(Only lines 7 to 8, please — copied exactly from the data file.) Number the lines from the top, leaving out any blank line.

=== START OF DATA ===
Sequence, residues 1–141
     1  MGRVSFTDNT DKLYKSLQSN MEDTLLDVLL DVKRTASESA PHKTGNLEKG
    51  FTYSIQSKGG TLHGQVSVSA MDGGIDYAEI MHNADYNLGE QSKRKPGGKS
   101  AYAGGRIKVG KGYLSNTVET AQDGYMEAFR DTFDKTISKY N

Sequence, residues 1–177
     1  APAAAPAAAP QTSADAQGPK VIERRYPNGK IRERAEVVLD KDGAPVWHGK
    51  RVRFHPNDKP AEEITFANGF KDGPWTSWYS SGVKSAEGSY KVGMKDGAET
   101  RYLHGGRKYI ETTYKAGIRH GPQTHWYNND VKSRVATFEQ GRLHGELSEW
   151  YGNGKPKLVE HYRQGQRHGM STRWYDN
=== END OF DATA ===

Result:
    51  RVRFHPNDKP AEEITFANGF KDGPWTSWYS SGVKSAEGSY KVGMKDGAET
   101  RYLHGGRKYI ETTYKAGIRH GPQTHWYNND VKSRVATFEQ GRLHGELSEW